I’m proclaiming this week Emancipation Proclamation week here at the CWP. It’s just too big an anniversary for all the mainstream news outlets to ignore, and they’re proffering some fantastic articles I want to share.
The video here lets you see what the Proclamation actually looks like. As the article says, it’s wonderfully, revealingly banal. I love the ribbons and the affixed seal. As a history fanatic with ridiculously sweaty hands, though, I was sent to new depths of stress-sweats watching the curator touching the paper with her bare hands. All the while talking about methods to keep the acid out of the paper.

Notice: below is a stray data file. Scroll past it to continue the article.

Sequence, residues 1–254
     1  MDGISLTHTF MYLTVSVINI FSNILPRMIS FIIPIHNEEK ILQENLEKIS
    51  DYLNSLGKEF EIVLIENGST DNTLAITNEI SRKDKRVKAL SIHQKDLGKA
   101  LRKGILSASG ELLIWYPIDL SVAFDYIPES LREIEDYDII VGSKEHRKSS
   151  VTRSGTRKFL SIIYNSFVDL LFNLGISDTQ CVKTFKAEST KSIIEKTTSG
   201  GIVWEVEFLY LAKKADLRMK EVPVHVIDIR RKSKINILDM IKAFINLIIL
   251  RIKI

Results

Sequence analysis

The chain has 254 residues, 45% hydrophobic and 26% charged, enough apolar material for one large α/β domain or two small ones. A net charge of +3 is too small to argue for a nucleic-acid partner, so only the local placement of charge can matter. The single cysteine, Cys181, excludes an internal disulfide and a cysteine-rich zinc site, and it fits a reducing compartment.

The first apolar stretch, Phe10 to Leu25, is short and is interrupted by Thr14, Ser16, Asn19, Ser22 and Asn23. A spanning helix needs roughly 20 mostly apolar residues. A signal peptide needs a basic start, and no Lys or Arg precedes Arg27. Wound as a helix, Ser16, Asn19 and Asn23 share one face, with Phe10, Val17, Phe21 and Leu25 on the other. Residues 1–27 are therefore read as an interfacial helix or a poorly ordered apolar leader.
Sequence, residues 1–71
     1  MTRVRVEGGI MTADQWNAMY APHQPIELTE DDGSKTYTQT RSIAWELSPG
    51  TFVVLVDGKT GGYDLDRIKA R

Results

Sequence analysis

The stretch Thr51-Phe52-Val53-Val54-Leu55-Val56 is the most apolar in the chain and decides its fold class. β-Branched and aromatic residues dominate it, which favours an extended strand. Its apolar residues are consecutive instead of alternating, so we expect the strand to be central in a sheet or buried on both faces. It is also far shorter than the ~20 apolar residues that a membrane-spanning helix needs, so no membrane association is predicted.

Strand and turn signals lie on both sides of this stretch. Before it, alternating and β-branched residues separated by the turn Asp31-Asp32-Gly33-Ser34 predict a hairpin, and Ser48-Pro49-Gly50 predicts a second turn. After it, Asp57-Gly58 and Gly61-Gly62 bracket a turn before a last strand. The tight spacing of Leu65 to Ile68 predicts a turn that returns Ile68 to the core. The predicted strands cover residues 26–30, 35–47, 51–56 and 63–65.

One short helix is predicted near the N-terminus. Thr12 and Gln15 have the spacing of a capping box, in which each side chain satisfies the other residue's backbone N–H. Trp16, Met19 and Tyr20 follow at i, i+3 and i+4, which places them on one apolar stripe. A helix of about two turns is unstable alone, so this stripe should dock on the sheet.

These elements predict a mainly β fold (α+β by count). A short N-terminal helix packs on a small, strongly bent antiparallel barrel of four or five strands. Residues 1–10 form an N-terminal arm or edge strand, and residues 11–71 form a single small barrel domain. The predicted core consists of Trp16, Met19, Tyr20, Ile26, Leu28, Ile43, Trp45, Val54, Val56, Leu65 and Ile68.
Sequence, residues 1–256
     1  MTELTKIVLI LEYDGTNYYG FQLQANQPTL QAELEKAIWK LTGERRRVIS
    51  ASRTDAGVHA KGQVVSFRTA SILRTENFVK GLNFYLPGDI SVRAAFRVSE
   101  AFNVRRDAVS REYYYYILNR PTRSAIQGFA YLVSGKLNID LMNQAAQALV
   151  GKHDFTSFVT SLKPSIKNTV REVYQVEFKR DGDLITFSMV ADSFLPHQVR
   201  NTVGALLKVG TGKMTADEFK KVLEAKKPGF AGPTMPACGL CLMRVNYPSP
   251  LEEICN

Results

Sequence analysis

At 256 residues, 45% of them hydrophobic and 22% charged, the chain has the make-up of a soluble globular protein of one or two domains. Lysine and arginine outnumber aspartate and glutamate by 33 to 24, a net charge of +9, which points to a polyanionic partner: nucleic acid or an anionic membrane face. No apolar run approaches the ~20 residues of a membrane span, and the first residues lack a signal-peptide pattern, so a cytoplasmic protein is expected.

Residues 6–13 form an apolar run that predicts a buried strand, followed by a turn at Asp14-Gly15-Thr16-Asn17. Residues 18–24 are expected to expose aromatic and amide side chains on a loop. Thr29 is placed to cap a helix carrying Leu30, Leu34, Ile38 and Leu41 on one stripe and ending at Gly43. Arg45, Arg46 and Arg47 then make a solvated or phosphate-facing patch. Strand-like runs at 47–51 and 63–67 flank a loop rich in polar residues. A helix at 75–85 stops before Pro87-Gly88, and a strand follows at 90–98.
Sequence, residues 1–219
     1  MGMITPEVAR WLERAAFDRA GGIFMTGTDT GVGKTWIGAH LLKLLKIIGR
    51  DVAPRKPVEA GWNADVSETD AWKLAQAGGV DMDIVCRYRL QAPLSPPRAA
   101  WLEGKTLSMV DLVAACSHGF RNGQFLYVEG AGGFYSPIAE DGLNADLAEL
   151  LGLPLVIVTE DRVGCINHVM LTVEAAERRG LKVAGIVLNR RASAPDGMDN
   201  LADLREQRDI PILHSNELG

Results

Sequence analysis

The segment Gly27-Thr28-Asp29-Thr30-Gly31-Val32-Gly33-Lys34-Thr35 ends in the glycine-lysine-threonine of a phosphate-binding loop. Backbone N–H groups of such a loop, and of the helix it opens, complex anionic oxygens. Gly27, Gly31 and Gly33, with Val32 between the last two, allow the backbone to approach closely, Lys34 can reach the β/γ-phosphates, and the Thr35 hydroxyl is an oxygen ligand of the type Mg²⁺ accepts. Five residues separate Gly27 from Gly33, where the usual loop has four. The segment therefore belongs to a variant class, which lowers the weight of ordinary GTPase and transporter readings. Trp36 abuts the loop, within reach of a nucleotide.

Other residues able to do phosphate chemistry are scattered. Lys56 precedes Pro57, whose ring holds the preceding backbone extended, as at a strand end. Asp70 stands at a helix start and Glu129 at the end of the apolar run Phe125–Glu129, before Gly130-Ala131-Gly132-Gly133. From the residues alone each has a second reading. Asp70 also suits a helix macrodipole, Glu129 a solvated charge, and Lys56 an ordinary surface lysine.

But what’s pretty amazing about the juxtaposition here — the document that bears the phrase “forever free,” folded and be-ribboned — is how eloquently it expresses technological frailty as a symptom of human frailty. The Proclamation wasn’t written double-sided because people couldn’t afford paper back then, or because they thought paper was more enduring than parchment, or because, indeed, they made any strategic decision at all to write the Proclamation the way they did; it was written that way because that’s just how things were done at that particular moment in our history. I asked Archives representatives about the double-sided nature of the Proclamation; they replied that “writing on both sides of the document was the convention of the time. It was written on a folded folio so that they could have four writing surfaces.” That’s it: Folio was the convention, so that’s what they did. (The Preliminary Emancipation Proclamation — the document that announced the Emancipation would take effect on January 1, 1863 — is written in the same format.) Technology isn’t just about tools; it’s about the assumptions and conventions that inform our use of those tools. And in the America of 1863, matters of national business were conducted with folded paper and punches and ribbons. Not for reasons that were transcendent, but for reasons that were wonderfully, revealingly banal.